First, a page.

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Student Stress Management Strategies for This Pandemic

Student Stress Management Strategies for This Pandemic

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By Dr. Jarrod Sadulski
Faculty Member, Criminal Justice, American Public University

The coronavirus pandemic has resulted in a major disruption of the daily routine of most Americans. Many non-traditional students, including adult learners, have found that added responsibilities have been placed into their lives because of the coronavirus pandemic.

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For example, as schools reopened in different parts of the country, a lot of parents opted to enroll their children in remote learning. Many adult learners now face the challenges of balancing their own education responsibilities, their children’s schoolwork, household maintenance and a full workday.

All of these simultaneous challenges can create severe stress. An effective work-life balance is necessary to reduce stress and overcome daily obstacles resulting from the coronavirus pandemic.

In fact, a study was conducted by nonprofit Active Minds during the coronavirus pandemic. It found that one in five college students reported that their mental health has significantly worsened during the pandemic.

College Students Are Staying Home and Away from Social Activities

Even though many restrictions have been lifted and businesses are reopening, there is an inherent danger being in public regarding the coronavirus. As a result, many college students are spending much more time at home and are not engaging in as many social activities as they did a year ago. Many adult students may have also experienced layoffs or furloughs during this time.

During This Time, It’s Important to Feel Connected to Other People

With the uncertainty of when the coronavirus pandemic will end and many students spending more time at home away from friends and family, it is important to remain connected to other people during this self-imposed isolation. One of the safest ways to connect with friends and family during the coronavirus pandemic involves Zoom. Zoom offers free video conferencing, which can be used with family and friends around the world.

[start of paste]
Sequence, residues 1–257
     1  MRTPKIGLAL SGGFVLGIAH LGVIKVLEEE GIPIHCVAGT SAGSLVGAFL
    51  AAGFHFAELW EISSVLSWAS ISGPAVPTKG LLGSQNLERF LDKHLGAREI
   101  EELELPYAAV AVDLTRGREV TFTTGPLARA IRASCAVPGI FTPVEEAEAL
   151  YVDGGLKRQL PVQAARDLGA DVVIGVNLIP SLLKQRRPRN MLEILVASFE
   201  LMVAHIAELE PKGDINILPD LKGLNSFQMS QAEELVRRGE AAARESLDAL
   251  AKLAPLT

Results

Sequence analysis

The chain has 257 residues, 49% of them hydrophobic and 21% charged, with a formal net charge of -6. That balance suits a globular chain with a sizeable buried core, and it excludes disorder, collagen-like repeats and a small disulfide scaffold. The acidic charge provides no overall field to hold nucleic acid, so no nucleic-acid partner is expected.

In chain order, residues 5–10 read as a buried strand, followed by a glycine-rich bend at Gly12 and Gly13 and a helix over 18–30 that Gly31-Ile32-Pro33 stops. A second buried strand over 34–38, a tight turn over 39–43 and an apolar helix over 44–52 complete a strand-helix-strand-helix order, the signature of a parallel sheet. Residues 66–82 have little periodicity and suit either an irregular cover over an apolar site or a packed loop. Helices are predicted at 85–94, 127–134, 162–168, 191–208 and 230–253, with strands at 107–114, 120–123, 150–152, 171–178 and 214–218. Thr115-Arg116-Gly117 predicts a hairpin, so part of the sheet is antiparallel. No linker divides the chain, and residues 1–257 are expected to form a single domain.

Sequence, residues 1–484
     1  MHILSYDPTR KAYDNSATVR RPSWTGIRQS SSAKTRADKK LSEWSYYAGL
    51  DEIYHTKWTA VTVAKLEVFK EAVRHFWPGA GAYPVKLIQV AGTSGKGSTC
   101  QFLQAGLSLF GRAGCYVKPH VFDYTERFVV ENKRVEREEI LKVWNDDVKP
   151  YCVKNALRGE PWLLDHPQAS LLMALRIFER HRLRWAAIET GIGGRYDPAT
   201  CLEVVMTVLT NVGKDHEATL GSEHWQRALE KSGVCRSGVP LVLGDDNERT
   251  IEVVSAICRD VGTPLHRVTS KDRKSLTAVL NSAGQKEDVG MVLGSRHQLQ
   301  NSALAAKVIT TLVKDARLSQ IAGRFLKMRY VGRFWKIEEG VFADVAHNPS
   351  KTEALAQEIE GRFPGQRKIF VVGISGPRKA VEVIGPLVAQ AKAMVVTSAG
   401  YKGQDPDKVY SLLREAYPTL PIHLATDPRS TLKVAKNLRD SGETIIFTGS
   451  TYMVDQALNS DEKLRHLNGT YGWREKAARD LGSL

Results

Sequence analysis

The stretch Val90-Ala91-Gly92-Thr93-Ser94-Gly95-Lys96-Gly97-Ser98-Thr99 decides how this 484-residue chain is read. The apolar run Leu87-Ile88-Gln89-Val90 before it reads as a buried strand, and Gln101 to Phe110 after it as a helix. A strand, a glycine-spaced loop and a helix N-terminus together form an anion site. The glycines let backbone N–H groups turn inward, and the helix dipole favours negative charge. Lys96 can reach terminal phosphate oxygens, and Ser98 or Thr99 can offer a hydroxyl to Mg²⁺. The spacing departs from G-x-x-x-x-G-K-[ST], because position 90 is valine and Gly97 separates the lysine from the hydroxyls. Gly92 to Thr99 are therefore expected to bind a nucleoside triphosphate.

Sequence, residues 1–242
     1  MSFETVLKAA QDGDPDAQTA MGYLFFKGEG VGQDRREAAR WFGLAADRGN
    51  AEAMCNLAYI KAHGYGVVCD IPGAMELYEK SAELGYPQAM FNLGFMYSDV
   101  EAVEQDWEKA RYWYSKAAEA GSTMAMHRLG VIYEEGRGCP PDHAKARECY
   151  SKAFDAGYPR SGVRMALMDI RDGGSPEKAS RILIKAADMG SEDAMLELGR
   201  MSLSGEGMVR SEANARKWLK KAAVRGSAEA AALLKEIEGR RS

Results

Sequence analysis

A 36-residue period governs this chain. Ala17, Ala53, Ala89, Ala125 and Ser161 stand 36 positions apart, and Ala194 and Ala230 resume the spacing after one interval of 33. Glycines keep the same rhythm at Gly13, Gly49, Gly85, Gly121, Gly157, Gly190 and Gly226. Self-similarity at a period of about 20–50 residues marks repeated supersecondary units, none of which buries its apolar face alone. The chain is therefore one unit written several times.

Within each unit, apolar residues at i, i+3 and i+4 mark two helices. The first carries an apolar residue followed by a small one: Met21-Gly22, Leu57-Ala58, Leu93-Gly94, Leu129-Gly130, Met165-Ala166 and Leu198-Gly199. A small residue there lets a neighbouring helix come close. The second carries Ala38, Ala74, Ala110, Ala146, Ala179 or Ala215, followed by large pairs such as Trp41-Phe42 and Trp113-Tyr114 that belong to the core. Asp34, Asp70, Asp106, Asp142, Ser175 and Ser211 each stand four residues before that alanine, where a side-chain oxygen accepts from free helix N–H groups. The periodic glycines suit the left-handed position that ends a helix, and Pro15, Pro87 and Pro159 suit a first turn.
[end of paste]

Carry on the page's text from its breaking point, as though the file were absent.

Maintaining social interaction with others is essential in stress management during this pandemic. Utilizing technology tools that enable you to safely interact with others without the risk of spreading the coronavirus virus is a good option. Examples include Zoom meetings, FaceTime and Skype.

Set Up a Routine, Exercise and Maintain a Consistent Sleep Schedule

In addition to maintaining social connections, it is also important to set up a routine. Create a daily routine that sets aside specific times each day for coursework, physical activity, time with household family members and downtime to relax.

Exercise by getting out of the house is very important to mental health. Maintaining a consistent sleep schedule is also very important; you’re more likely to maintain a positive outlook if you’re well rested.

Time Management Helps You Avoid Stress

Avoiding stress through effective time management is vital. One strategy is to develop a list of daily responsibilities and a time log that accounts for each hour during the day.

Estimating the time each task is going to take and then filling in the time log is a good way to ensure that all the daily tasks are accounted for. This may include time for coursework, time for work and time for family responsibilities.

Another strategy that I have found helpful is the prioritization of daily responsibilities. Using the same list of my daily responsibilities, I prioritize each task and label them A1, A2, A3, B1, B2, C1, C2, and so on. For example, putting out a house fire would be an A1 task!

Each day, I label my daily responsibilities. During the day, this labeling is helpful in determining whether I was on track.

For example, if by lunch I am only on B2 and the daily tasks that day go to D1, I know that I may need to work through lunch to get everything accomplished. But this type of labeling also helps me to maintain a work-life balance by ensuring that I still have time for family responsibilities and downtime.

Reward Yourself for Accomplishing Tasks and Reaching Milestones

Overall, the coronavirus pandemic is a stressful time for many college students and their families. But remaining organized is essential and helps you avoid procrastination and stress.

Developing milestone goals is also helpful. And when milestone goals are reached in managing your responsibilities, reward yourself to remain motivated.

Intrinsic rewards may include treating yourself and family to a dinner out, taking a vacation, or downtime at home away from schoolwork. Each of these rewards can be effective in helping you remain focused and avoiding burnout.

About the Author

Dr. Jarrod Sadulski is an associate professor at American Public University. He has engaged in speaking engagements in the United States and Central America on the topic of human trafficking. Most recently, he presented at the International Human Trafficking Conference in September of 2020 and became a podcaster. His expertise includes infrastructure security, maritime security, homeland security contraband interdiction and intelligence gathering. Jarrod was selected as the Coast Guard’s Reserve McShan Inspirational Leadership Award recipient for 2019.

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